used  to  distinguish  a  father  from  his  son;  "Bill 
  Adams,  Sr."  [syn:  {older},  {sr.}] 
  2:  older  and  (at  least  formerly)  larger  than  another  though 
  relative  size  is  not  the  issue;  "big  sister"  [syn:  {big(a)}, 
  {older}]  [ant:  {little(a)}] 
  n  1:  a  person  who  is  older  than  you  are  [syn:  {senior}] 
  2:  any  of  numerous  shrubs  or  small  trees  of  temperate  and 
  subtropical  northern  hemisphere  having  white  flowers  and 
  berrylike  fruit  [syn:  {elderberry  bush}] 
  3:  any  of  various  church  officers 
 
  From  Easton's  1897  Bible  Dictionary  [easton]: 
 
  Elder 
  a  name  frequently  used  in  the  Old  Testament  as  denoting  a  person 
  clothed  with  authority,  and  entitled  to  respect  and  reverence 
  (Gen.  50:7).  It  also  denoted  a  political  office  (Num.  22:7).  The 
  "elders  of  Israel"  held  a  rank  among  the  people  indicative  of 
  authority.  Moses  opened  his  commission  to  them  (Ex.  3:16).  They 
  attended  Moses  on  all  important  occasions.  Seventy  of  them 
  attended  on  him  at  the  giving  of  the  law  (Ex.  24:1).  Seventy 
  also  were  selected  from  the  whole  number  to  bear  with  Moses  the 
  burden  of  the  people  (Num.  11:16,  17).  The  elder"  is  the 
  keystone  of  the  social  and  political  fabric  wherever  the 
  patriarchal  system  exists.  At  the  present  day  this  is  the  case 
  among  the  Arabs,  where  the  sheik  (i.e.,  "the  old  man")  is  the 
  highest  authority  in  the  tribe.  The  body  of  the  elders"  of 
  Israel  were  the  representatives  of  the  people  from  the  very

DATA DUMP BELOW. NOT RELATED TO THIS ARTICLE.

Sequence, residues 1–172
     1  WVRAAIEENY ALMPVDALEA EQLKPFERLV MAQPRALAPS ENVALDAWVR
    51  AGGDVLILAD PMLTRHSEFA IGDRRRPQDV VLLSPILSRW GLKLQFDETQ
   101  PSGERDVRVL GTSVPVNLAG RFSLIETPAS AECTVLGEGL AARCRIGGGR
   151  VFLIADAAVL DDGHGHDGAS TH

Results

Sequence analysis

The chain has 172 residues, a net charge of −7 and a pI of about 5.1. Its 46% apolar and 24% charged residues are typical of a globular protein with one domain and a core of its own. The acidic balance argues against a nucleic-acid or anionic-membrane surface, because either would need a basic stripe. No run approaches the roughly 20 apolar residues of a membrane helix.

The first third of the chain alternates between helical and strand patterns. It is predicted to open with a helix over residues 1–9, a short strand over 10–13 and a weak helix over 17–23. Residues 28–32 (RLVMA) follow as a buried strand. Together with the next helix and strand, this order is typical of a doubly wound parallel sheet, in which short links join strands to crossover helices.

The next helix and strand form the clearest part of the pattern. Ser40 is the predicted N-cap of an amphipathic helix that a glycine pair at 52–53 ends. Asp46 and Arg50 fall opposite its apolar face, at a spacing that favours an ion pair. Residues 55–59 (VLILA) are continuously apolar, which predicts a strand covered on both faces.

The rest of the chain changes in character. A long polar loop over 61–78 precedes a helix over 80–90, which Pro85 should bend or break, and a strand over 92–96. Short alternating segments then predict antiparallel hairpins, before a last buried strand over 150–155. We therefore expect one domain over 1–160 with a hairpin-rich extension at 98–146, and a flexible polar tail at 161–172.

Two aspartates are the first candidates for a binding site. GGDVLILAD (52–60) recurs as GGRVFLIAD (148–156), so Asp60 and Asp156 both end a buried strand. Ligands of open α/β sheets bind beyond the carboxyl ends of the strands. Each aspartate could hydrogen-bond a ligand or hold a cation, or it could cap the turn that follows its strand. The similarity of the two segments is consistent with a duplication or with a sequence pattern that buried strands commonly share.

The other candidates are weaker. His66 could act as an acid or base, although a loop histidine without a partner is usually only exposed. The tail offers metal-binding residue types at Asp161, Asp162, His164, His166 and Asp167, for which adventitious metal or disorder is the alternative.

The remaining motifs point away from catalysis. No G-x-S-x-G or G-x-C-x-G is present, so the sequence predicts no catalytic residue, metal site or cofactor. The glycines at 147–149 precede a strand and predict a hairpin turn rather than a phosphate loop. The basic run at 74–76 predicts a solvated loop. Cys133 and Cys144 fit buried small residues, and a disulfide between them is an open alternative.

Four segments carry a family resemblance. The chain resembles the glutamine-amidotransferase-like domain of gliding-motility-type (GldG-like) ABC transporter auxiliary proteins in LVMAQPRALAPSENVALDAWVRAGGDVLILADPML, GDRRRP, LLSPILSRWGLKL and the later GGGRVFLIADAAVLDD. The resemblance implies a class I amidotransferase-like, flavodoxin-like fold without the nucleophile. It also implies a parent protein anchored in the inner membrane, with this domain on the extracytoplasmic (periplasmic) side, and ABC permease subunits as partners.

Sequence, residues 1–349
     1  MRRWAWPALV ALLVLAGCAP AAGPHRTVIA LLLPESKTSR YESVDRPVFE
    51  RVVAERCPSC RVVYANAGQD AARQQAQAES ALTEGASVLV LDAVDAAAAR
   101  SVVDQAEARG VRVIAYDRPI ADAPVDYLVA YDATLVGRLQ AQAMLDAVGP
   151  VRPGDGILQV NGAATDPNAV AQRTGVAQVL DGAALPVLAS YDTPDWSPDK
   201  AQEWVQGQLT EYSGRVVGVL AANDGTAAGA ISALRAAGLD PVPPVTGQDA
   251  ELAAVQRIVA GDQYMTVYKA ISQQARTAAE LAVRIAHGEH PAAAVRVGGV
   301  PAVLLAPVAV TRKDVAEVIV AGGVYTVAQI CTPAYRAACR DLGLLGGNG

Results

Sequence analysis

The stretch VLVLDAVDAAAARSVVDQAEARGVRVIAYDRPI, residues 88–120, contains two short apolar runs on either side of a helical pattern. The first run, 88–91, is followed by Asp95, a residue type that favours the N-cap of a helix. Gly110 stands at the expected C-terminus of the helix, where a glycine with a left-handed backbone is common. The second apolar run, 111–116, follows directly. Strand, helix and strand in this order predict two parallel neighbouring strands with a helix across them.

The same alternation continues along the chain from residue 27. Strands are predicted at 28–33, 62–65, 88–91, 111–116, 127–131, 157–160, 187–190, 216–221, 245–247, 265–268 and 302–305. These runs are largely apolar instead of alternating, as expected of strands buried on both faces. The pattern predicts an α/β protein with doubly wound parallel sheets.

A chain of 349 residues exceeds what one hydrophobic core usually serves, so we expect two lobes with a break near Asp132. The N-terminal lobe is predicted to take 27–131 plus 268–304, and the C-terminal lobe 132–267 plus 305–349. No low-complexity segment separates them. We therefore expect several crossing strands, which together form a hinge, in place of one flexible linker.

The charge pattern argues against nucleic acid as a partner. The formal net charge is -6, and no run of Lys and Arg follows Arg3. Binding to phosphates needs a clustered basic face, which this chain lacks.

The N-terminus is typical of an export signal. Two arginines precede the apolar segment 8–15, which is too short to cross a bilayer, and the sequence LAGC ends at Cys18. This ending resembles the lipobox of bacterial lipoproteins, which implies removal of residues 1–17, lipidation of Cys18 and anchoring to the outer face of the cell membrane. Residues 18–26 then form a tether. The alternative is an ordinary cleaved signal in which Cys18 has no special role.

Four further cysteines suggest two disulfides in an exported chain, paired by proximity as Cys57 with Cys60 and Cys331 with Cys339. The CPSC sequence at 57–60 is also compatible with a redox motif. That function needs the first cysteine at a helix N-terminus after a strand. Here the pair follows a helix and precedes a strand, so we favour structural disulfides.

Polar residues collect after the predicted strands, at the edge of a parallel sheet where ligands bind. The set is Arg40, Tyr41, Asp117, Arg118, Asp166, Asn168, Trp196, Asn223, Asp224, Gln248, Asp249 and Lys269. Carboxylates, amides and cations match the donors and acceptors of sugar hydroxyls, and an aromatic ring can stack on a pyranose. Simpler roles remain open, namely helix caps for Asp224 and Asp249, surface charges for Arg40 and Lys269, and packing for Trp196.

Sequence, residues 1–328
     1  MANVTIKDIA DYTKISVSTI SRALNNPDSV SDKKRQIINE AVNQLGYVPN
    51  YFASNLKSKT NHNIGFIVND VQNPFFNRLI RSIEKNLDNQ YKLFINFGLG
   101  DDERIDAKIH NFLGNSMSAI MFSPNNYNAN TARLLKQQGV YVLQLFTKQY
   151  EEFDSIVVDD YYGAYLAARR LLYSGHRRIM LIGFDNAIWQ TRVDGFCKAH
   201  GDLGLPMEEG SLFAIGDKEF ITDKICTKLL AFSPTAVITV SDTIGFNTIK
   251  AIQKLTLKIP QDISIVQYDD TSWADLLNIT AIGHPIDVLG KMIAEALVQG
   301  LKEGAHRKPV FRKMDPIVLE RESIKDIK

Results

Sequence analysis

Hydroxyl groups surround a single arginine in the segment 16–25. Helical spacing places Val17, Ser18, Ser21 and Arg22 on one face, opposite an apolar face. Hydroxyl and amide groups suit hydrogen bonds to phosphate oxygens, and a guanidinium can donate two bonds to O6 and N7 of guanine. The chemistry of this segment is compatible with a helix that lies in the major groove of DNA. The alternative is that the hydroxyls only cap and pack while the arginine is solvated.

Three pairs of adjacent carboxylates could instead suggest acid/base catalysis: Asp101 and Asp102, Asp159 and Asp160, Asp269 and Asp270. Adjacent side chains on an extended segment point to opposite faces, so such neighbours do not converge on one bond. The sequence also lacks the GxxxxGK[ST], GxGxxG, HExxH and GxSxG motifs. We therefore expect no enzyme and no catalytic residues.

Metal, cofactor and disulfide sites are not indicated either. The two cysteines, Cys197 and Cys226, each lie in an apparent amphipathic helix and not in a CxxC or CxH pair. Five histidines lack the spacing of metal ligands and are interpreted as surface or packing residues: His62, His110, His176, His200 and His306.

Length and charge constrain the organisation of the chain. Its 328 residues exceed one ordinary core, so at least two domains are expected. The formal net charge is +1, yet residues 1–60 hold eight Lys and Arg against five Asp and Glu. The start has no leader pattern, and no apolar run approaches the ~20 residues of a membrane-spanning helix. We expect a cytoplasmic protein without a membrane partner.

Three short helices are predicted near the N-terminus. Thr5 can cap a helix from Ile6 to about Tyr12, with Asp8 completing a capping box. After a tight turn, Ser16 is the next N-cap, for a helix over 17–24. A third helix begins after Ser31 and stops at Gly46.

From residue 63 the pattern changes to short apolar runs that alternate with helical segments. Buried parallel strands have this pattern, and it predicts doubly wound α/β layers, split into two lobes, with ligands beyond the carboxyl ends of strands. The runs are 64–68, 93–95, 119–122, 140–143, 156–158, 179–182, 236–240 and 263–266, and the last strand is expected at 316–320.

first  and  were  recognized  as  such  by  Moses.  All  down  through 
  the  history  of  the  Jews  we  find  mention  made  of  the  elders  as 
  exercising  authority  among  the  people.  They  appear  as  governors 
  (Deut.  31:28),  as  local  magistrates  (16:18),  administering 
  justice  (19:12).  They  were  men  of  extensive  influence  (1  Sam. 
  30:26-31).  In  New  Testament  times  they  also  appear  taking  an 
  active  part  in  public  affairs  (Matt.  16:21;  21:23;  26:59). 
 
  The  Jewish  eldership  was  transferred  from  the  old  dispensation 
  to  the  new  "The  creation  of  the  office  of  elder  is  nowhere 
  recorded  in  the  New  Testament,  as  in  the  case  of  deacons  and 
  apostles,  because  the  latter  offices  were  created  to  meet  new 
  and  special  emergencies,  while  the  former  was  transmitted  from 
  the  earlies  times.  In  other  words  the  office  of  elder  was  the 
  only  permanent  essential  office  of  the  church  under  either 
  dispensation." 
 
  The  elders"  of  the  New  Testament  church  were  the  pastors" 
  (Eph.  4:11),  "bishops  or  overseers"  (Acts  20:28),  leaders"  and 
  rulers"  (Heb.  13:7;  1  Thess.  5:12)  of  the  flock.  Everywhere  in 
  the  New  Testament  bishop  and  presbyter  are  titles  given  to  one 
  and  the  same  officer  of  the  Christian  church.  He  who  is  called 
  presbyter  or  elder  on  account  of  his  age  or  gravity  is  also 
  called  bishop  or  overseer  with  reference  to  the  duty  that  lay 
  upon  him  (Titus  1:5-7;  Acts  20:17-28;  Phil.  1:1). 
 




more about elder